Most employers recognize the importance of health and well-being among employees. The World Health Organization even says health promotion and disease prevention in workplaces can increase employee productivity and lower health care costs. However, few companies take this initiative as seriously as one central Iowa business does.
Businessolver, a benefits technology company based in West Des Moines, is getting its employees moving with an incentive-based program using what are called "Healthy Days."
Here's how Healthy Days work.
Healthy Days - intended to replace the idea of a "sick day" - are extra hours of paid time off an employee can earn by completing different fitness-related goals or challenges. Health Days are earned and awarded in Healthy Day "credits", which are each worth 8 hours of paid time off. An employee can use 3 credits per year (three days of paid time off) and roll over 1 credit to the next year if desired. Here are a few examples of ways employees can earn Healthy Day credits:
- Quarterly Challenges - Once a quarter, Businessolver holds a "Move It To Improve It" challenge, and the activities in each challenge involve some sort of movement. Each challenge is worth .25 Healthy Day credits, with a maximum of 1.0 Healthy Day credits for the calendar year.
- Fed-Up Sugar Challenge - This challenge is essentially a 14-day added sugar hiatus. Participants must go 14 consecutive days without consuming any added sugar, which means the only foods left are basically fresh fruits, fresh veggies, meats with no sauces or condiments, (some) cheeses, few varieties of nuts, and eggs. In addition to the sugarless diet, each member of the 4-person groups must complete a "workout of the day" for 12 of the 14 days. Completing this challenge is worth .5 Health Day credits - or 4 hours of extra paid time off.
- Fourth of July Flag Fitness Challenge - This challenge spans from April 3rd to July 1st each year - a 90-day, 13-week stretch. For each of the 13 weeks (representing 13 stripes on the American flag) the participant must engage in an outdoor physical activity for 60 minutes at least once a week. For 50 of the 90 days (representing the 50 stars on the flag) the participant must eliminate something unhealthy from his or her diet, or add something healthy. This particular challenge is worth .5 Healthy Day credits!
- Thunderstruck Challenge - This challenge is a difficult one, even for the physically fit. Participants must hold a full plank for the entire duration of Thunderstruck by AC/DC - a song nearly 5 minutes long. As if that weren't difficult enough, the challenge also requires participants to do a pushup every time "thunder" or "thunderstruck" is said during the song, tallying up to 34 pushups. This challenge only gets you a t-shirt, but the bragging rights make it worth the effort. See how it's done:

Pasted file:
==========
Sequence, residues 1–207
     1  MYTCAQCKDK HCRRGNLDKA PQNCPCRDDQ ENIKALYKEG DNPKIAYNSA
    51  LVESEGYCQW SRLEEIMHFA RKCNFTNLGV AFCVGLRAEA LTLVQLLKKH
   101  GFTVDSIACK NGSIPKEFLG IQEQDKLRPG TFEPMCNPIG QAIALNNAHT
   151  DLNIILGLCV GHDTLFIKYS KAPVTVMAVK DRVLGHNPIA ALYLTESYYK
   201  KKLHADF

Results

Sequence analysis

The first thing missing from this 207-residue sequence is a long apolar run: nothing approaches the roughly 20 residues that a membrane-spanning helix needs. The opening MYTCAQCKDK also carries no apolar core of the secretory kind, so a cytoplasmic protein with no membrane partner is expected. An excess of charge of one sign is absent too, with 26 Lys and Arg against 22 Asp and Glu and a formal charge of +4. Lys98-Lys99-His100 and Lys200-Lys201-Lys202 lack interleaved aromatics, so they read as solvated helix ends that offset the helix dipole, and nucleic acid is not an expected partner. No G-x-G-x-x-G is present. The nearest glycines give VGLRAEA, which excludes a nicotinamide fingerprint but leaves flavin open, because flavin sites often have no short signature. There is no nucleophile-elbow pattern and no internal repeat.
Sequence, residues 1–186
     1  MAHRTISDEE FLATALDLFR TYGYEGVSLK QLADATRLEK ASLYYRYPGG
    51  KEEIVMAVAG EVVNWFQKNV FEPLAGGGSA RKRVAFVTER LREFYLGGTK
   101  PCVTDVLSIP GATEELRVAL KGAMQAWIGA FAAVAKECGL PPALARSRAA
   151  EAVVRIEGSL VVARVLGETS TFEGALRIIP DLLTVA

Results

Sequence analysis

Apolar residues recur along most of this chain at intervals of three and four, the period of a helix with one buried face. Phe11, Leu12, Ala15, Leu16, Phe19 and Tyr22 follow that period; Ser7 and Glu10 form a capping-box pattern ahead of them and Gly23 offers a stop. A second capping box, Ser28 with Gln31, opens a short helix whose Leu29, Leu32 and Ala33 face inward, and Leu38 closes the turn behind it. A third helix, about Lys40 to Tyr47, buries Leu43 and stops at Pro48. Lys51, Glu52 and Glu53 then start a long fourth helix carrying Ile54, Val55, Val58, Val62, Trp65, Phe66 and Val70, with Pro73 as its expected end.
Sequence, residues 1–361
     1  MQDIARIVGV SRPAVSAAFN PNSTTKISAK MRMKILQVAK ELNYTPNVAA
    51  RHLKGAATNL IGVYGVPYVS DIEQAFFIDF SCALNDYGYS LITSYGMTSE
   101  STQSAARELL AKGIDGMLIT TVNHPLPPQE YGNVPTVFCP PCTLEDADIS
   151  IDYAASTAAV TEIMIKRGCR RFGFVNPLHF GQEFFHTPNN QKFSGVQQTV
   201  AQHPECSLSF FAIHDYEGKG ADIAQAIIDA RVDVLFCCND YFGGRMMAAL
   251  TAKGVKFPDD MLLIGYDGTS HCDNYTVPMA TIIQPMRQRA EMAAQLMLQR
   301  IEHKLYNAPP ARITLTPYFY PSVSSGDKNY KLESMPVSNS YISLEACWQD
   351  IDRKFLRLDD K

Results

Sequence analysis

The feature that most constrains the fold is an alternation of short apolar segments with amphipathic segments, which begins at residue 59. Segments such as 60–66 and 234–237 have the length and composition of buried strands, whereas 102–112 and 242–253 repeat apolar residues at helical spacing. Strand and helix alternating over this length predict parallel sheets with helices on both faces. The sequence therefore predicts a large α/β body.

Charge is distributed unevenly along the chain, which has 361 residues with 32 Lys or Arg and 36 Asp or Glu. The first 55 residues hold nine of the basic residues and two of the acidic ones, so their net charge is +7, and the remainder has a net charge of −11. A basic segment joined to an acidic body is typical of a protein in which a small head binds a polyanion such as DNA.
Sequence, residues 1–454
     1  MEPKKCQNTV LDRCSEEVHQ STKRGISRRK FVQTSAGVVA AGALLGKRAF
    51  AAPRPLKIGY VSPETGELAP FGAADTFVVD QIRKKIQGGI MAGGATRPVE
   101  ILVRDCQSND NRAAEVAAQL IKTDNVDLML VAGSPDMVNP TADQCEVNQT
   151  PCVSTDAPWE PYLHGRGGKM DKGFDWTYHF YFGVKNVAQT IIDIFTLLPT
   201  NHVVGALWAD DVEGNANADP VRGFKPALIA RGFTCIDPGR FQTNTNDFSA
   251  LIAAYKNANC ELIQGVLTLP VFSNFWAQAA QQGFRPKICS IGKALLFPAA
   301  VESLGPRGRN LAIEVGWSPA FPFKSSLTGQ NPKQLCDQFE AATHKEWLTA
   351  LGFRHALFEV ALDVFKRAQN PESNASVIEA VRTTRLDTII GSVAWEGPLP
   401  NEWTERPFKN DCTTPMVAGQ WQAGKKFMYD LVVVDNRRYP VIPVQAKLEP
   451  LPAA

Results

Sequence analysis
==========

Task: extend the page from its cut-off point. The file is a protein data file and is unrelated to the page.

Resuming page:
Tracy Orman, Businessolver's on-site Wellness and Fitness Coordinator, says the health and wellness programs at Businessolver all revolve around four key factors: nutrition, activity, hydration and sleep. And though it's difficult to stay disciplined with diet, simply providing better options to employees makes a difference - even with some initial resistance.
"They gave me a lot of crap when I took the Cap'n Crunch out of the cupboards," Orman said.
Though there are self-driven employees in the office, it takes leaders to really make the environment encouraging to all employees. Orman said that the company's CEO is in the gym at some point almost every day he's at the office.
“Being a champion for wellness in the workplace is just good business sense," said Businessolver CEO Jon Shanahan. "We believe strongly that every dollar we’ve invested in wellness programs will be returned - and then some - in the form of healthier, happier, more engaged and more loyal employees. It’s the right thing to do, and it’s relatively simple to get started, regardless of company size.”
"It’s driven from the top down," Orman said. "It’s tough to run a successful program like this if it’s not driven from the top down. When he lives and breathes it, it makes it that much easier for everyone else to get involved."
So why don't more businesses do what Businessolver is doing?
"I think many businesses are afraid of non-participation, because sometimes when I roll something out, I'm thinking, 'Oh, nobody's gonna do this.'" But I figure I gotta try!" Orman said. "I gotta know what works and what doesn't."
Businessolver's approach certainly works for their employees - three of which have lost over 100 lbs during their time with the company - because the company's insurance premiums haven't been raised in two years.
"The biggest thing is she's teaching us how to make those life changes," said Barb Storm, who has lost 100 lbs since starting at Businessolver 5 years ago. "I manage to get up and move during breaks. Taking the stairs helps a lot, and I go for walks during lunch. Just little things like that, along with dietary changes."
Since getting involved at work, Storm has gone on to become involved in her community, as well. She's participated in the Pleasantville Chamber of Commerce 5K most recently, and continues to help organize activities locally. This highlights another one of the many benefits of worksite wellness: spreading the passion for healthy living.